[ACCEPTED]-How does WriteLn() really work?-arguments

Accepted answer
Score: 26

Writeln is what we call a compiler "magic" function. If 9 you look in System.pas, you won't find a 8 Writeln that is declared anything like what 7 you would expect. The compiler literally 6 breaks it all down into individual calls 5 to various special runtime library functions.

In 4 short, there is no way to implement your 3 own version that does all the same things 2 as the built-in writeln without modifying 1 the compiler.

Score: 4

As the Allen said you can't write your own 10 function that does all the same things.

You 9 can, however, write a textfile driver that 8 does something custom and when use standard 7 Write(ln) to write to your textfile driver. We 6 did that in ye old DOS days :)

("Driver" in 5 the context of the previous statement is 4 just a piece of Pascal code that is hooked 3 into the system by switching a pointer in 2 the System unit IIRC. Been a long time since 1 I last used this trick.)

Score: 3

As far as I know, the pascal standards don't 17 include variable arguments.

Having said 16 that, IIRC, GNU Pascal let's you say something 15 like: Procecdure Foo(a: Integer; b: Integer; ...);

Try 14 searching in your compiler's language docs 13 for "Variable Argument Lists" or 12 "conformant arrays". Here's an 11 example of the later: http://www.gnu-pascal.de/demos/conformantdemo.pas.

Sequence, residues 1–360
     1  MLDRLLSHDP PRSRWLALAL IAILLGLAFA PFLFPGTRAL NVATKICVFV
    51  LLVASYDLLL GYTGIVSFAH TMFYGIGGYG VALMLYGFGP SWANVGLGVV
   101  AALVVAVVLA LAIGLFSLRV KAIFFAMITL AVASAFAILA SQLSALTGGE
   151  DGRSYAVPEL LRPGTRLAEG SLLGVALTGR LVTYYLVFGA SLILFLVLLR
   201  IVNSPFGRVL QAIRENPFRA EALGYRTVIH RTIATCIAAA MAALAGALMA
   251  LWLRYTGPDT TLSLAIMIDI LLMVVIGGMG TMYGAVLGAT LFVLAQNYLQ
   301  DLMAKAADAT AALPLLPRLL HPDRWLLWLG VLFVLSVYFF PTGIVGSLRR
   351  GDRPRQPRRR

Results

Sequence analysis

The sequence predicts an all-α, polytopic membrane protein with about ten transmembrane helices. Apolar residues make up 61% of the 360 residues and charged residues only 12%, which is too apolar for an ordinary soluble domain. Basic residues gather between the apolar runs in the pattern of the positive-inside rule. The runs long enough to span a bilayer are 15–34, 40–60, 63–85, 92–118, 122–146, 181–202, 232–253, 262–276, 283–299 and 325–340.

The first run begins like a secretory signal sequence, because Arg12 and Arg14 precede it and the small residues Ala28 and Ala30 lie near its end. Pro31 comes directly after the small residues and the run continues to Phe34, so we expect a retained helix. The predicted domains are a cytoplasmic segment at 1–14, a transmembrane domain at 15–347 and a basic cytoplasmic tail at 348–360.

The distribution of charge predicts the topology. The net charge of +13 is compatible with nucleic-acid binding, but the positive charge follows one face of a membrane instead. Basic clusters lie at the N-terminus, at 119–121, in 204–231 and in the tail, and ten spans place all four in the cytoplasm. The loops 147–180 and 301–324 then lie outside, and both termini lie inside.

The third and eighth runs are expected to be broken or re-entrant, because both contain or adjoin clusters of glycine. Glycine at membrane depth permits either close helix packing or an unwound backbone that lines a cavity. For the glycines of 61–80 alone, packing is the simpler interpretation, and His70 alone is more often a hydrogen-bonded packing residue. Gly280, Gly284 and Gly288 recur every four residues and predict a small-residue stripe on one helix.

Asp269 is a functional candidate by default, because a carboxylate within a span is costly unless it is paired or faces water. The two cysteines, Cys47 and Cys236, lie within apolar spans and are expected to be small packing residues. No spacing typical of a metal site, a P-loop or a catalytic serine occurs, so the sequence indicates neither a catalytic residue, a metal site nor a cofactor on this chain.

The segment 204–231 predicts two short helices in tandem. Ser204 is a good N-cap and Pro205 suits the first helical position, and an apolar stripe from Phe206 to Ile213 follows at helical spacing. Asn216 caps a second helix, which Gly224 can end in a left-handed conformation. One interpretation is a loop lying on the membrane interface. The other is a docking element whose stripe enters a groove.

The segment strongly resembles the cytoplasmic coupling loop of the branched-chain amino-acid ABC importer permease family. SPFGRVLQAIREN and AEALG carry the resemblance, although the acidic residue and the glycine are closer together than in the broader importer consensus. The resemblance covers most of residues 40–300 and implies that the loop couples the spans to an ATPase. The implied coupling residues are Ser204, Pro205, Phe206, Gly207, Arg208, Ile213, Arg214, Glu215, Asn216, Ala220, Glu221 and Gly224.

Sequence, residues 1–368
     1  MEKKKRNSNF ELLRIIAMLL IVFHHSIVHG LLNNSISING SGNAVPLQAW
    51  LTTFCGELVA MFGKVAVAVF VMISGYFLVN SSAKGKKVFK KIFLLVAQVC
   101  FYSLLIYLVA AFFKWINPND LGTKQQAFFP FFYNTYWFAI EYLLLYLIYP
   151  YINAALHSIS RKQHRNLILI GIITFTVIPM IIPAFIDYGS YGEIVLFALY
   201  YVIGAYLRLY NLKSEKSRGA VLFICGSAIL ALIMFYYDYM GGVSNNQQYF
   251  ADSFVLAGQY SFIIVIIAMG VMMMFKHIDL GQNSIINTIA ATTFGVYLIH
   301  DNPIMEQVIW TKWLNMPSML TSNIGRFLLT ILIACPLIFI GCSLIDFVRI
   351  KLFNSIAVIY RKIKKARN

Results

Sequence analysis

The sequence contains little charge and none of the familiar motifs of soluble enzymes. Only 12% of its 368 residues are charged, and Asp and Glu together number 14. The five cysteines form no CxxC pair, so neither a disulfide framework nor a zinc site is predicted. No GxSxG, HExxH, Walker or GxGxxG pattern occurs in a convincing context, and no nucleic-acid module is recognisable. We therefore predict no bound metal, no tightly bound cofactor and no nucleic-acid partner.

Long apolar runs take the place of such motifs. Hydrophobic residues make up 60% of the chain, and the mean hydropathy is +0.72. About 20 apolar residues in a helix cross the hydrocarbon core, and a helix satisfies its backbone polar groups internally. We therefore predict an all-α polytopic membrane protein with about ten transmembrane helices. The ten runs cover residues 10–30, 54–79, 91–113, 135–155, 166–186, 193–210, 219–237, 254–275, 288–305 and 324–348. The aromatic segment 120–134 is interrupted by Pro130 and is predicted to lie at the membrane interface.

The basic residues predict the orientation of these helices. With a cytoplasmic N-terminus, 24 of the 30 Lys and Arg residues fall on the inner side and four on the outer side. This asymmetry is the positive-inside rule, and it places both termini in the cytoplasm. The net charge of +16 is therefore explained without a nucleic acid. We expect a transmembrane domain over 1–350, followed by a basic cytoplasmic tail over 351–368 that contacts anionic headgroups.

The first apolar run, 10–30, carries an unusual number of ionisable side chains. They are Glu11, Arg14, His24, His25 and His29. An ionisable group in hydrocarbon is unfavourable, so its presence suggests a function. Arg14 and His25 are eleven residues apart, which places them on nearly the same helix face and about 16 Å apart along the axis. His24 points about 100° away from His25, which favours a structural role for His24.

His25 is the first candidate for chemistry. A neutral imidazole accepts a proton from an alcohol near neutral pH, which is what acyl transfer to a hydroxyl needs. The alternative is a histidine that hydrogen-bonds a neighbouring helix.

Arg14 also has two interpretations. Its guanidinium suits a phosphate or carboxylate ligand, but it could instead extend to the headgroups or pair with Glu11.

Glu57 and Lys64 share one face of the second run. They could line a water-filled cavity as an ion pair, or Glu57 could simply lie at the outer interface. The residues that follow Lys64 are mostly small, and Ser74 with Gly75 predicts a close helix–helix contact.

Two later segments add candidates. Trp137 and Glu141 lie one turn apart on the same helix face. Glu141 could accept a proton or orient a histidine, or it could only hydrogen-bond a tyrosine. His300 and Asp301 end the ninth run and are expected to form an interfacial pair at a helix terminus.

As the prev poster 10 said, writeln() is magic. I think the problem 9 has to do with how the stack is assembled 8 in a pascal function, but it's been a real 7 long time since I've thought about where 6 things were on the stack :)

However, unless 5 you're writing the "writeln" function 4 (which is already written), you probably 3 don't need to implement a procedure with a variable 2 arguments. Try iteration or recursion instead 1 :)

Score: 3

It is magic compiler behaviour rather than 26 regular procedure. And no, there is no way 25 to write such subroutines (unfortunately!). Code 24 generation resolves count of actual parameters 23 and their types and translates to appropriate 22 RTL calls (eg. Str()) at compile time. This opposes 21 frequently suggested array of const (single variant array 20 formal parameter, actually) which leads 19 to doing the same at runtime. I'm finding 18 later approach clumsy, it impairs code readability 17 somewhat, and Bugland (Borland/Inprise/Codegear/Embarcadero/name 16 it) broke Code Insight for variant open 15 array constructors (yes, i do care, i use 14 OutputDebugString(PChar(Format('...', [...])))) and 13 code completion does not work properly (or 12 at all) there. So, closest possible way 11 to simulate magic behaviour is to declare 10 lot of overloaded subroutines (really lot 9 of them, one per specific formal parameter 8 type in the specific position). One could 7 call this a kludge too, but this is the 6 only way to get flexibility of variable 5 parameter list and can be hidden in the 4 separate module.

PS: i left out format specifiers 3 aside intentionally, because syntax doesn't 2 allow to semicolons use where Str(), Write() and Writeln() are 1 accepting them.

Score: 1

Yes, you can do it in Delphi and friends 12 (e.g. free pascal, Kylix, etc.) but not 11 in more "standard" pascals. Look up variant 10 open array parameters, which are used with 9 a syntax something like this:

procedure MyProc(args : array of const);